Sunday, January 27, 2019

Writing a Page of Nismo Catalogue?

No, I haven’t engineered a new engine, but it’s still a cool little story that I thought would be worth sharing, but first let’s make a step back to my several visits to Omori Factory over the past 12 months. As enjoyable of an experience, resto-modding a car can reveal a bit of an excruciating one if you have OCD. Not all the parts need to be swapped for brand new ones and in my personal experience, as I’ve been documenting the build of my own BNR34, there have been plenty of occasions where replacing wasn’t deemed necessary, nor made financial sense, if you can live with such a choice. Let me explain.

Think about polishing your favorite pair of shoes: they clean up very well, you take care of a couple of scratches here and there eventually ending up with a great looking pair - all is well in the world. Now you move on and proceed to put them back in the closet and in doing so, place them besides your latest, yet to be worn pair. All of the sudden those small marks that you were able to almost completely buff out, those little wrinkles that used leather naturally produces over time, that minor scuff on the left toe, they all pop up so much more! If you have even just a bit of OCD or had to endure the pain of dealing with a dent on your car, you know the feeling.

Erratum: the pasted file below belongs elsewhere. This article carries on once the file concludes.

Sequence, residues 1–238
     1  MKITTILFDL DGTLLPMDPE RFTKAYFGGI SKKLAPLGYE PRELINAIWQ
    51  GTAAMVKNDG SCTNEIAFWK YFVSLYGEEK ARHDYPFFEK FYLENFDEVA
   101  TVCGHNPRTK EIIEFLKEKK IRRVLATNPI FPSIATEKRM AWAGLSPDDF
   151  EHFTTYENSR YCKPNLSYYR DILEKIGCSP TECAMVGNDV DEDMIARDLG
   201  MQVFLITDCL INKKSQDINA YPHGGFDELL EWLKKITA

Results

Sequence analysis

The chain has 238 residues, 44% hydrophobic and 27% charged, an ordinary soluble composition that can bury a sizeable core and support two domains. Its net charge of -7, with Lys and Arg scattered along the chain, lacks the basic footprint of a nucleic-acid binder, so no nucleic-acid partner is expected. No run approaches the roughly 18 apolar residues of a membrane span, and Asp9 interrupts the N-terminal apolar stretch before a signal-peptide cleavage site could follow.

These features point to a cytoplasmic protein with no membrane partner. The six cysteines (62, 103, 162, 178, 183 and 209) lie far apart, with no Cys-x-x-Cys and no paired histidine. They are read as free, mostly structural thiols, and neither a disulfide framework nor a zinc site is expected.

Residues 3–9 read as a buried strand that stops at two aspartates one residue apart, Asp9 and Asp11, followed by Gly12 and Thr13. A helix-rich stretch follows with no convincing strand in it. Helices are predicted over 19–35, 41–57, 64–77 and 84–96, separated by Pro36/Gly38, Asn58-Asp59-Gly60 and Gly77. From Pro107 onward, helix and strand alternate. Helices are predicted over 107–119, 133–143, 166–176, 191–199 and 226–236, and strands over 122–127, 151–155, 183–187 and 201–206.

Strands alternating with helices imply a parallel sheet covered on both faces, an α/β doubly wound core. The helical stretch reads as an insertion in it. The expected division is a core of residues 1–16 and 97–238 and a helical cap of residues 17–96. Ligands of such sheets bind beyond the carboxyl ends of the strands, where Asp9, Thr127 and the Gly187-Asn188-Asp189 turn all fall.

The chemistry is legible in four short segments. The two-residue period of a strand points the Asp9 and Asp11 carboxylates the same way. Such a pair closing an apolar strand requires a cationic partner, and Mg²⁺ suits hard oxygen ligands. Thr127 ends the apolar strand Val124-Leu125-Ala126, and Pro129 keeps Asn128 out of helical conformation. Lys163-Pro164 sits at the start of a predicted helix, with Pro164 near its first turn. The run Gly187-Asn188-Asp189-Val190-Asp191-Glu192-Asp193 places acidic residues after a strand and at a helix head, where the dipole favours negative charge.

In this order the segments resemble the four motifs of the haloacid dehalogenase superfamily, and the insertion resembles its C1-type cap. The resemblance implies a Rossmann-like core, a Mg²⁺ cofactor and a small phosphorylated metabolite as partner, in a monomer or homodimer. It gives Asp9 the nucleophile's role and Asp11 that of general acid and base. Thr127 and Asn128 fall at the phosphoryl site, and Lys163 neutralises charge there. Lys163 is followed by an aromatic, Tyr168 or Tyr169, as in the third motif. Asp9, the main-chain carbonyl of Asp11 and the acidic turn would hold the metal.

That is exactly what happens when you start re-fitting used parts in a car that has been restored from the frame up: the patina, the little marks, the slight yellowing, all those things that you didn’t notice before because they blended together in their used state, they now clash agains fresh, generously coated paint, shining carbon fiber, new plastic and anodized brackets. Replacing these items with new ones might appear to be the obvious remedy, but that’s not always the case. Certain parts, due to their location or function, are simply subject to wear and tear more than others and even a brand new unit will be indistinguibile from the one it just replaced after a few thousands kms. 

This is where I got creative and, thanks to the support of the staff, was able to formulate some “mini-refresh menus” using special powder coating, clear coating and anodizing treatments to make parts better than OEM. One of these ideas seems to have been noticed and well received from the management, so much so that, there is a 80-90% chance of it ending up on the Factory Line menu and offered as an option to regular customers. Now, bragging on the Internet is not the classiest thing to do on a Sunday evening, but when else will I ever have the chance to say that one of my ideas served as a pilot for Nismo to release a new refresh service? Jokes aside, it is a relatively simple option and nothing earth-shattering, but I find it really cool that this is actually happening!

I can’t reveal more at this stage, but keep your eyes on the Omori Factory website for an announcement in the coming months.

Until next time.

2 comments:

  1. LOL. Oh Ale, you have done it again my boy! Haha! Well for GT-R enthusiasts like us looks like that's gonna be awesome. Just wish every country has an Omori factory that we can rely on.

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  2. Might I say, great post Ale! But that LX0 R34... damnnnnn that's beautiful!!

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